The vapours from the pot (boiler) start to gather in the initial vapour chamber. They then start to travel up the reflux column. When these vapours come in contact with the cold surface created by the water inlet located at the bottom of the column, the heavy less volatile vapours condense and fall back into the pot. This is known as a pre-refining process. As the vapours continue to travel up the reflux column these continue to condense (due to the cooler temperatures of the column) and the liquid cascades back down into the boiler and mixes with the rising vapours. This reflux liquid helps clean the rising vapours and increase the % purity. The larger reflux column stills will have two pre-refining processes, one at the bottom of the reflux column with the water inlet and one at the top of the column where the water outlet is located, as here too the water comes in contact with the column and creates additional condensing of the rising vapours.
Professional continuous distillation columns have a number of plates introduced in the reflux column to further increase the purity. These are literally large metal plates or trays over which the liquid flows, and the alcoholic vapours bubble up through holes in them. Because some of the less volatile components will also vaporize, these series of plates, which have lower and lower temperatures as you reach the top of the column will condense the less volatile components back to liquid. The number of plates helps to determine the purity of the distillate. The more plates there are in a column, the greater the purity of the distillate. A greater number of plates require more energy. As these plates are quite difficult to design and build and not really suited for small column diameters (less than 30,48cm or1 ft diameter) it is easier to use a Packed Column; where the packing (not included) can be random (e.g. just dumped in there and given a shake), or carefully positioned and stacked.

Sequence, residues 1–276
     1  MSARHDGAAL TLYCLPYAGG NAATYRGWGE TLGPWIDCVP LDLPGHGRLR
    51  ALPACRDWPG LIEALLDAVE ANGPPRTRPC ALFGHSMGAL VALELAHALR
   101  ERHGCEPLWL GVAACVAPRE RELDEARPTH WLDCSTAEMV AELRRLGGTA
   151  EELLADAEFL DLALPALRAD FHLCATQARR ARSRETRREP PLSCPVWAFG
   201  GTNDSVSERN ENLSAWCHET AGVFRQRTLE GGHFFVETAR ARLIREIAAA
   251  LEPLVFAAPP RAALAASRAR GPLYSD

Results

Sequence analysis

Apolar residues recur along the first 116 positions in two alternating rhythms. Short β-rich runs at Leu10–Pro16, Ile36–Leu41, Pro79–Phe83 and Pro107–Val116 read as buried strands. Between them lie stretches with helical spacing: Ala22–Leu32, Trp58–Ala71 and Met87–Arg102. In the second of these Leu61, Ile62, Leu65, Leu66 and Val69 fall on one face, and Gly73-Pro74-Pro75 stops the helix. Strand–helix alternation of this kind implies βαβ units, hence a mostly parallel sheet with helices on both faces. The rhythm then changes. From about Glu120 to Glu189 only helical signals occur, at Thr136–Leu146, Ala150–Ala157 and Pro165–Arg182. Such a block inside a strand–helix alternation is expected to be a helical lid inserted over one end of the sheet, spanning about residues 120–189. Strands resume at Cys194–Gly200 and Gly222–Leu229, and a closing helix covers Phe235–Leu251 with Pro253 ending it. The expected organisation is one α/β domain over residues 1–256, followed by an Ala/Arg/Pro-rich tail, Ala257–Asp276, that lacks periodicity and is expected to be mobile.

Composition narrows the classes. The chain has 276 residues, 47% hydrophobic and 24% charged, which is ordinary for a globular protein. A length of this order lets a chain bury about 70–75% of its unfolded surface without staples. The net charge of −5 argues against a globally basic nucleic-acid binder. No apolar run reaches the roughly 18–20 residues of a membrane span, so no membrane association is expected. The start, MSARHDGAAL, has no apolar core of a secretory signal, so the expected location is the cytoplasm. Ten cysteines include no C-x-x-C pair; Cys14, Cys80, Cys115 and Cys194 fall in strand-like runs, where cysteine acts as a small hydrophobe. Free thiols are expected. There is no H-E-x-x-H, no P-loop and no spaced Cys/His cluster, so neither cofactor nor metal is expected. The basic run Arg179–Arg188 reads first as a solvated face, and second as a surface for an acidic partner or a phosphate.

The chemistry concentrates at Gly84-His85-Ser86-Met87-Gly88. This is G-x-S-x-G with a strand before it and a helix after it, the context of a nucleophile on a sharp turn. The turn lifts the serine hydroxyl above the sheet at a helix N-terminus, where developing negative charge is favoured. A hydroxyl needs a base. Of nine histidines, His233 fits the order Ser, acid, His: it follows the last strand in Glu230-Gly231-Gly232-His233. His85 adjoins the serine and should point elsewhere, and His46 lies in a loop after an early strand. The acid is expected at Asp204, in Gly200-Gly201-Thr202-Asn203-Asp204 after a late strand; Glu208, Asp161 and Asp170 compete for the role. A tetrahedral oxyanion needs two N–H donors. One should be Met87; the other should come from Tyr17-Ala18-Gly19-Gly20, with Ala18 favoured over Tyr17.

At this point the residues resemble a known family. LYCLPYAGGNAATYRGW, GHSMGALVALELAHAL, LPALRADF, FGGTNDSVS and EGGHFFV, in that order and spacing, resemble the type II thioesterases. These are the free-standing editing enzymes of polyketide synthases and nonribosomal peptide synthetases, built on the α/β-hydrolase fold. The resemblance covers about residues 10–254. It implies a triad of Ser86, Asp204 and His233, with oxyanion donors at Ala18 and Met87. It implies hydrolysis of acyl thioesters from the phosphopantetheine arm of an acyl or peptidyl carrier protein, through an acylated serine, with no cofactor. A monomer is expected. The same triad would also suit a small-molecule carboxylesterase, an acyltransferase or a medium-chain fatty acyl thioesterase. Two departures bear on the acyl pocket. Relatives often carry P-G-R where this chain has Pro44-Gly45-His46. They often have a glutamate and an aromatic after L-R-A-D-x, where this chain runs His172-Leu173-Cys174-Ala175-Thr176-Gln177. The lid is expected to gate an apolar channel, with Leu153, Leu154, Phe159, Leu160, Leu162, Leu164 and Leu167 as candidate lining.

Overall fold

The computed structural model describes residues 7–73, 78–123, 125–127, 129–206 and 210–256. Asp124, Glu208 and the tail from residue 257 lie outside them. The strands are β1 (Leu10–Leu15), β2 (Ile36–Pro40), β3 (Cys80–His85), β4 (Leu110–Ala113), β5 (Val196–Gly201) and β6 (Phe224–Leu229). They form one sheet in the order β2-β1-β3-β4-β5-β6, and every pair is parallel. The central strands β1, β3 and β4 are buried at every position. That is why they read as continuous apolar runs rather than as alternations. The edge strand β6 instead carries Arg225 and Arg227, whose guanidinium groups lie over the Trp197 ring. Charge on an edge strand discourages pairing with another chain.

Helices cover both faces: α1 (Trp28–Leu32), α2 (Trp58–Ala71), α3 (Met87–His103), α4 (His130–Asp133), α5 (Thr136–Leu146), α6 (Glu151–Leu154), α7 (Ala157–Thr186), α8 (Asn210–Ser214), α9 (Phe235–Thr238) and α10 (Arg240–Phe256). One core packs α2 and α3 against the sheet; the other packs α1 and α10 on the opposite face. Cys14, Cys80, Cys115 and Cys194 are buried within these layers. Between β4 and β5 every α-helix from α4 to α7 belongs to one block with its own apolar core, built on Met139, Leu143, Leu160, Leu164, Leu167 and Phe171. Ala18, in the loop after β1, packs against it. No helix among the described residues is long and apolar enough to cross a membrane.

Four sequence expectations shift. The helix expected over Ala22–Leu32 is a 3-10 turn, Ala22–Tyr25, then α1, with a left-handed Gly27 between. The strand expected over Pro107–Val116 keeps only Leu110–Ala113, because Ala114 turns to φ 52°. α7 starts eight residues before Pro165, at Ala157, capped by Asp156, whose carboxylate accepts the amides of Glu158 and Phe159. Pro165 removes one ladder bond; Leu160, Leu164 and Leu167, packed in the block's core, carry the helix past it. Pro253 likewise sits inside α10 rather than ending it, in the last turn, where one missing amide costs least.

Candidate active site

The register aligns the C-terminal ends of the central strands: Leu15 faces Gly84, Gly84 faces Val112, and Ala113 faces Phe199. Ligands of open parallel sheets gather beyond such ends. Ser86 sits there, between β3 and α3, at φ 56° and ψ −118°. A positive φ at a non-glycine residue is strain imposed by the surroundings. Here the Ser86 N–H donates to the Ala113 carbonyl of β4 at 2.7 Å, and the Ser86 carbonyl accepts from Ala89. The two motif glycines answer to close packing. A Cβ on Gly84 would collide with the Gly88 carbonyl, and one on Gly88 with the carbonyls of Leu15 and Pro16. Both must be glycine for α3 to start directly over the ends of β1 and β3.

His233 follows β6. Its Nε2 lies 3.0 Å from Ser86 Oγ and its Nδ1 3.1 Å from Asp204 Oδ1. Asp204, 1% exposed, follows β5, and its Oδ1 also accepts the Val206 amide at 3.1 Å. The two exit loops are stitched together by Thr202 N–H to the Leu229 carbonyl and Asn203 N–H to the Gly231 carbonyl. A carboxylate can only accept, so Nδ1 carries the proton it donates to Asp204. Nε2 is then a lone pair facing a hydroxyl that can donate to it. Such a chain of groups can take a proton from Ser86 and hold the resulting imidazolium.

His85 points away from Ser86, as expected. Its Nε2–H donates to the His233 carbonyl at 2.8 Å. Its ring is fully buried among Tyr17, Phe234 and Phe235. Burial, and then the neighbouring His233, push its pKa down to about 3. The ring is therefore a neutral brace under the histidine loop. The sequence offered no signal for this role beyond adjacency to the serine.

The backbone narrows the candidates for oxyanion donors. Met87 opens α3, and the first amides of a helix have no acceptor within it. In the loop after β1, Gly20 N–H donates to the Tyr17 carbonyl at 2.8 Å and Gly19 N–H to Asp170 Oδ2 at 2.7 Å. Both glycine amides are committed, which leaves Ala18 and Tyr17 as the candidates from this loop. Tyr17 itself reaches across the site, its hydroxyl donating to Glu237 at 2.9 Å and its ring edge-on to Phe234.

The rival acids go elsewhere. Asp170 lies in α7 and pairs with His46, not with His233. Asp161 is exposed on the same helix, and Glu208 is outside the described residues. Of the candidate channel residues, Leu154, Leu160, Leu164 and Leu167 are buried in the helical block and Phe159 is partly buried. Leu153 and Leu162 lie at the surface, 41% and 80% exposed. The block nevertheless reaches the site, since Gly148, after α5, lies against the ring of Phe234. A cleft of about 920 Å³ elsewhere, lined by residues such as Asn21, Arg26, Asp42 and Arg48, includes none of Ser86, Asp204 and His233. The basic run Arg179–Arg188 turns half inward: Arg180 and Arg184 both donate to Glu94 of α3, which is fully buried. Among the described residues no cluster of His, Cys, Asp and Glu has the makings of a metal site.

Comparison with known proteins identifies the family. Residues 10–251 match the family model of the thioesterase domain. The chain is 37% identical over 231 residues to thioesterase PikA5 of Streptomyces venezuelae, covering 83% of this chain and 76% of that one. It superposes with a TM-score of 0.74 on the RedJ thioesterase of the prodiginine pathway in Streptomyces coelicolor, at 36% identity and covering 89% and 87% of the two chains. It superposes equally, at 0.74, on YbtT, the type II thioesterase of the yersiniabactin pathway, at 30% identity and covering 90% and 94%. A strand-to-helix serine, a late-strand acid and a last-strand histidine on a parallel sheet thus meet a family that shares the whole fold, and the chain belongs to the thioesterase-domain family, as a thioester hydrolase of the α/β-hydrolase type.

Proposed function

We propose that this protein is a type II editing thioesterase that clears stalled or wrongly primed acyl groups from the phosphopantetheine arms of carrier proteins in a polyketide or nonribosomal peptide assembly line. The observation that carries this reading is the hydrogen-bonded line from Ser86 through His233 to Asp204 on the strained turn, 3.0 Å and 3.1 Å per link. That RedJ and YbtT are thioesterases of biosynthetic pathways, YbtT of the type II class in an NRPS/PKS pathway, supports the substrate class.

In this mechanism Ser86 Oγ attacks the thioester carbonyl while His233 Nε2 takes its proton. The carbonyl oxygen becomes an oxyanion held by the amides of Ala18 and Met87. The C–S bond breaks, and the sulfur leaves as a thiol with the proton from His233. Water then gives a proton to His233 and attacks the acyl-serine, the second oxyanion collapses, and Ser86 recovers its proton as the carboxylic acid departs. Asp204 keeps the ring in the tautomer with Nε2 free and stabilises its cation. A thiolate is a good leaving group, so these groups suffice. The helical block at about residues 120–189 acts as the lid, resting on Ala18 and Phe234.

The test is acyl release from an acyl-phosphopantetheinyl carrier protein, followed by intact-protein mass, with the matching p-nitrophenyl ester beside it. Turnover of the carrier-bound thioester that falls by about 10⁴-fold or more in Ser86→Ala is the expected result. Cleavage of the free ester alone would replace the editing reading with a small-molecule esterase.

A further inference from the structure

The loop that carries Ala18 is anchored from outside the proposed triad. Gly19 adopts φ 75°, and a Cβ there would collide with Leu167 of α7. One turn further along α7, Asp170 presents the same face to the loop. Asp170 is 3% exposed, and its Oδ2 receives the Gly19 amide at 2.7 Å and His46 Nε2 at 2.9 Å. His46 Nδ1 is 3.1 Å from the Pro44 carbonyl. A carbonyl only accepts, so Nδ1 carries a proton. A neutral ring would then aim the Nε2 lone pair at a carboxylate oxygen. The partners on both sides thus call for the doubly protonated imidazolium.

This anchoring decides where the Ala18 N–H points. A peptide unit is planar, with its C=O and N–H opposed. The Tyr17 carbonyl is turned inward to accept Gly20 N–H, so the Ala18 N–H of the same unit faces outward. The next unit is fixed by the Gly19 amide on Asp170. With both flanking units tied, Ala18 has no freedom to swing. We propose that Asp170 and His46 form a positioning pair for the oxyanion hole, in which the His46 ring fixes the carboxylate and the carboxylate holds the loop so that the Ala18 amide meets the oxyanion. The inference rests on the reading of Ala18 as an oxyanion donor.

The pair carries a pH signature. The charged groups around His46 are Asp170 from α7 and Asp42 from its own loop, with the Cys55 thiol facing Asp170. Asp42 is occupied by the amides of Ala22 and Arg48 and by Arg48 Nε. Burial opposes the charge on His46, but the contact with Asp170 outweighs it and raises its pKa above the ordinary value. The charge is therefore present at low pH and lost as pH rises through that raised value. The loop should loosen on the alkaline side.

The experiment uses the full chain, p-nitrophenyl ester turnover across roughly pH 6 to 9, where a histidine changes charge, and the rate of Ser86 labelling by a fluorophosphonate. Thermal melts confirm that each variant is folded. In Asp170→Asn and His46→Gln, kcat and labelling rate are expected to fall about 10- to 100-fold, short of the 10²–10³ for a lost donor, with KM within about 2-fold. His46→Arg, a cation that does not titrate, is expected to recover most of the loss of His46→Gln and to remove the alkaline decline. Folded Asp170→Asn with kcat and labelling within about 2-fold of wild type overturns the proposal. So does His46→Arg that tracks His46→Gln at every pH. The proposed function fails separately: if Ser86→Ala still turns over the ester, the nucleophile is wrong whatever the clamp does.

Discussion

The height of packing needed in order to do the same job as an ideal plate is called the HETP - HETP - Height Equivalent to aTheoretical Plate. Smaller HETPs are better than large ones, as it means that for a given column height (say 1m) you end up with more ideal plates, e.g. only 2 plates (87% purity) if the HETP= 0.5m, but 4 plates (92% purity) if HETP = 0.25 m. If you don't have an exact number of plates, that is still OK; you'll end up somewhere proportionally between the two.
To calculate the HETP for your still please go to:
http://www.homedistiller.org/refluxdesign.htm#help. This chart will help you calculate the estimated Vapour purity.